Today's funeral for the four fallen police officers from Oakland is expected to draw 18,000 people to the Oracle Arena in Oakland.
They will be honored by dignitaries and family members. The service will include bagpipes, military cannons and a 20-helicopter flyover.
Many people will be making their way there at the height of the morning commute.
The California Highway Patrol will also be shutting down freeways as the bodies of the four officers and their families make their way back to Oakland from their home towns. Processions will come from Tracy, Danville, Concord and Castro Valley which will affect nearly every East Bay freeway. Specifically is will impact Interstate 880, Interstate 980, state Highway 238, Interstate 680, and Interstate 580.
The officers who will be remembered are Sgt. Mark Dunakin, 40, of Tracy; Sgt. Ervin Romans, 43, of Danville; Sgt. Daniel Sakai, 35 of Castro Valley; and Officer John Hege, 41, of Concord.
Organizers say every single Oakland police officer will be able to attend the service thanks to volunteers from across the country stepping in to fulfill their duties. They say street staffing will be at normal levels Friday.
Doors open at 7 a.m. The service is set to begin at 11 a.m. and expected to last at least two and a half hours.
Officer Paul Figueroa said the priority of the funeral is to honor the officers and their families, adding the families were a big part of the organizing of the funeral. Many friends and family members will speak Friday and it is expected it will be covered on live television across the country.
The acting police chief, Gov. Arnold Schwarzenegger, State Attorney General Jerry Brown, Sen. Barbara Boxer and Sen. Dianne Feinstein are among the speakers.
The families will also have a private time to meet together prior to the funeral inside the arena.
The four officers died at the hands of 26-year-old Lovelle Mixon of Oakland, according to police.
Mixon was an ex-felon wanted on a no-bail warrant for allegedly violating his parole by failing to meet with his parole officer.
He was also killed during his confrontation with police Saturday.
Oakland police officers aren't the only one who are having replacement do their duties on Friday. All Oakland police dispatchers are also being given the chance to attend.
Dispatchers and 911 operators from across the state drove hundreds of miles to work in Oakland starting Thursday.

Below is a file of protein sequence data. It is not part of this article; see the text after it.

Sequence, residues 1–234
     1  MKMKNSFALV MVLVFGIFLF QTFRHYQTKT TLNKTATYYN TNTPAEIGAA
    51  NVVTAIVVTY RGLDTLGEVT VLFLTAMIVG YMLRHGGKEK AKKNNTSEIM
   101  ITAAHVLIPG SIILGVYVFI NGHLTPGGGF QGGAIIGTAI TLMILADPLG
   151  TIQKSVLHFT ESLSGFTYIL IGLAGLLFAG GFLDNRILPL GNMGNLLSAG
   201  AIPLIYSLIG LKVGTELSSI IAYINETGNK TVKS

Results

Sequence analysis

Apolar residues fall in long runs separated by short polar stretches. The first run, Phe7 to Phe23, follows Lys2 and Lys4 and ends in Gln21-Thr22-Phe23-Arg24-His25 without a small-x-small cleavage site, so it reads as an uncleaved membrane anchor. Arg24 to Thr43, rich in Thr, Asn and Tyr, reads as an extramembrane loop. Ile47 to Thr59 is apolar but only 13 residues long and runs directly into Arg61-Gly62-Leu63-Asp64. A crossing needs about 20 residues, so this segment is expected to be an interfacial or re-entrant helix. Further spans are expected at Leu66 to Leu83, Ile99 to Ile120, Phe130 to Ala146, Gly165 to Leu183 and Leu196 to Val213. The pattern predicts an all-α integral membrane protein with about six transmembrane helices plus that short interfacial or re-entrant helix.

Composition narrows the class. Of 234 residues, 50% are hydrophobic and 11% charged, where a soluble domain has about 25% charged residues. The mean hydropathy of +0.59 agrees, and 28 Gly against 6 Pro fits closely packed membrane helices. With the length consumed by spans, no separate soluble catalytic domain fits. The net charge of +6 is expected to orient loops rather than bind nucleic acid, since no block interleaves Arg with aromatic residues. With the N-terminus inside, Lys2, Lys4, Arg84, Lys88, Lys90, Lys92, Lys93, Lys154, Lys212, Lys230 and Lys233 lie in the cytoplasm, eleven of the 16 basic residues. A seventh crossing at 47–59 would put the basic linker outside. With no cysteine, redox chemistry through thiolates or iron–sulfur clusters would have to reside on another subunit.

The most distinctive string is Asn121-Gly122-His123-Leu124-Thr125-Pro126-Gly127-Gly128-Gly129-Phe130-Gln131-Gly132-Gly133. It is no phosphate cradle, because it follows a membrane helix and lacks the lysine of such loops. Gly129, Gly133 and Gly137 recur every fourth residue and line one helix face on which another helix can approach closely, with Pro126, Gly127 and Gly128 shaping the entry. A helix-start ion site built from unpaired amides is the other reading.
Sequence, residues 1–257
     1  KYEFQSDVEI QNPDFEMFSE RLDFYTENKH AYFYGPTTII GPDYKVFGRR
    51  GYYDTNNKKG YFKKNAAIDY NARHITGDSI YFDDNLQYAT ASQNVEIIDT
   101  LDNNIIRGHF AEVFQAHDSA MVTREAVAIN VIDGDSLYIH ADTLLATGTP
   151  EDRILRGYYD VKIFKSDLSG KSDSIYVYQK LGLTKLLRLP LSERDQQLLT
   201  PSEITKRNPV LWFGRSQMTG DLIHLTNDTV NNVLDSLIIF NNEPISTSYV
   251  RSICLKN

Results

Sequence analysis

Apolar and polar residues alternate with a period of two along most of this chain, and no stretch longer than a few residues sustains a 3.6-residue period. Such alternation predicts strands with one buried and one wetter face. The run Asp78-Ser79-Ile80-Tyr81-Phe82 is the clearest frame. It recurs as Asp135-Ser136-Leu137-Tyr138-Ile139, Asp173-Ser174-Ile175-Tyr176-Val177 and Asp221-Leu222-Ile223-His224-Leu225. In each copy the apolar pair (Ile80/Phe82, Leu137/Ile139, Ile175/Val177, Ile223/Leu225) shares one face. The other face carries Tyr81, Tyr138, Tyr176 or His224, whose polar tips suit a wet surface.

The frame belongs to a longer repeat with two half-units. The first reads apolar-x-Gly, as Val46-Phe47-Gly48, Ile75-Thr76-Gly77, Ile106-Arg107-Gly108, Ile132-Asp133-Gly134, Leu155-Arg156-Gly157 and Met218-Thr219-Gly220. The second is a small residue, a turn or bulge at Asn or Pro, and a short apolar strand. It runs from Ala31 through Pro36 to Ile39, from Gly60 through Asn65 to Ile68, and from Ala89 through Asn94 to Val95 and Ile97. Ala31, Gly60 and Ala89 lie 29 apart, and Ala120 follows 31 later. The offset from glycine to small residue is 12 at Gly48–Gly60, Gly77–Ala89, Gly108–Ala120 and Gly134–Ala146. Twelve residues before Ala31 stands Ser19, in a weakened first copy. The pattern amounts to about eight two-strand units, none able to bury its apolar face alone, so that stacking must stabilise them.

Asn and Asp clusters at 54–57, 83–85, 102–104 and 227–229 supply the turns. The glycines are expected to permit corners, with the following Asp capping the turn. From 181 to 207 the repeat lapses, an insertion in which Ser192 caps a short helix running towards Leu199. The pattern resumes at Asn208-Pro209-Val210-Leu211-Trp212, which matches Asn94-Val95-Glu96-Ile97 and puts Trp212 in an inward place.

They came from Los Angeles, Fresno, Eureka and Santa Clara. Many said as soon as they heard about the shootings, they called in to see how they could help.
LA Dispatcher Todd Austin said, "We are a tight knit family. And when something like this happens, everyone rallies together and we come to each others' needs. It's what we do."
Rachel bell, an Oakland police dispatcher said, "No one really understands what it's like to be a dispatcher and what's it's like to be on this side of the radio. And so it's just easier, I think, to be with our co-workers."
The dispatchers who took the initial 911 calls on Saturday and who sent response teams out to the scene have been off work more most of the week.
NBC Bay Area has learned one of those dispatchers was engaged to officer Hege, who taken off life support early Tuesday.
A fifth Oakland police officer was hit by a bullet in the shooting spree but survived.
He is finding solace by caring for the families of his slain colleagues, according to his attorney.
Sgt. Pat Gonzales, an 11-year veteran of the police department, was part of an "extremely close group," and lost not only four colleagues but also good friends he regularly socialized with, his attorney Harry Stern said.
"Since the incident, almost every waking hour has been spent arranging (funeral) details for the other officers who died," Stern said.
Gonzales, who along with his wife is also caring for their 2-week-old baby, is a "consummate professional," Stern said.
"His fortitude is extraordinary. It was displayed both at the incident itself and the aftermath," Stern said. "Instead of seeking medical attention for himself, he went to care for the family of his colleague."
Following the shootout at the apartment with wanted parolee Lovelle Mixon, 26, Stern said Gonzales drove himself to the hospital after one bullet grazed his protective helmet and a second penetrated his shoulder. He then made contact with the wife of his fallen colleague, Stern said.
Stern said the road to recovery for Gonzales will be a long one.
"Time will only tell what the emotional effect will be on him," he said.
Stern said he expects that Gonzales will attend Friday's public funeral.